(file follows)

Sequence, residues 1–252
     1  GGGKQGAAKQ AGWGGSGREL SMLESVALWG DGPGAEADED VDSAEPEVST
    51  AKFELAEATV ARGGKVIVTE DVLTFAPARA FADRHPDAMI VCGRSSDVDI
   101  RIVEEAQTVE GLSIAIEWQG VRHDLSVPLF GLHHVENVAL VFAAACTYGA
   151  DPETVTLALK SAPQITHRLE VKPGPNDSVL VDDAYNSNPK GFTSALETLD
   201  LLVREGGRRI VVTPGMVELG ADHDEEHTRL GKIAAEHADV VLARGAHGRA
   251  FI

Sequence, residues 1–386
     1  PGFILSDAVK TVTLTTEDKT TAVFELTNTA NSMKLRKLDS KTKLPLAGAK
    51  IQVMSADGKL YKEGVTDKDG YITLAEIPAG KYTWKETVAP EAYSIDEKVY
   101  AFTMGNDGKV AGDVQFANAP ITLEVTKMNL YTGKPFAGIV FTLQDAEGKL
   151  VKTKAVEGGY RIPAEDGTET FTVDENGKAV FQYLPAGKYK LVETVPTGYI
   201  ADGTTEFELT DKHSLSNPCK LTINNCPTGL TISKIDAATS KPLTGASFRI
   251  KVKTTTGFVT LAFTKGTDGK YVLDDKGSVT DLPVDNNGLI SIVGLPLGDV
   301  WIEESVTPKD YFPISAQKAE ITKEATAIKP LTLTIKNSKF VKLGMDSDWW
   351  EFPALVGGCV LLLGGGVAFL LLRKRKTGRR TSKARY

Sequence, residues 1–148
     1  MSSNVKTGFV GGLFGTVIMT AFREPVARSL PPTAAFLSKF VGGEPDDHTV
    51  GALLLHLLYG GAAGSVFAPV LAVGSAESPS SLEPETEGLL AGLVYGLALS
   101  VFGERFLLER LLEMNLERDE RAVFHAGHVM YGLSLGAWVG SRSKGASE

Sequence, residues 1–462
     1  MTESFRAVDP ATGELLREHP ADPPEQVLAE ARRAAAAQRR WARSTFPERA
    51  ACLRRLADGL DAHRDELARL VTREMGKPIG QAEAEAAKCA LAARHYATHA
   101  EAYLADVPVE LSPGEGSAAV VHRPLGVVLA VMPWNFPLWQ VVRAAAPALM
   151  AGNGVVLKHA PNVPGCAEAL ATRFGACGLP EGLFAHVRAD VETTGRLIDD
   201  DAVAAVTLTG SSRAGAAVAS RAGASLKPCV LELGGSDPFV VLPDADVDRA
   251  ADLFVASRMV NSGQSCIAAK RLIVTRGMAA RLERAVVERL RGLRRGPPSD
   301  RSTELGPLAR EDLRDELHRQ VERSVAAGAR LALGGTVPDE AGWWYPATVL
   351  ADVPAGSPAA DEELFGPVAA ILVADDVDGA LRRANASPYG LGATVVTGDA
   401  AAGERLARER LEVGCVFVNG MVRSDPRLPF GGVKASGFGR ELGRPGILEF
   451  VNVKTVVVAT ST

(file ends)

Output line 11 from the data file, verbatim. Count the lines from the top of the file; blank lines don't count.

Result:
   101  AFTMGNDGKV AGDVQFANAP ITLEVTKMNL YTGKPFAGIV FTLQDAEGKL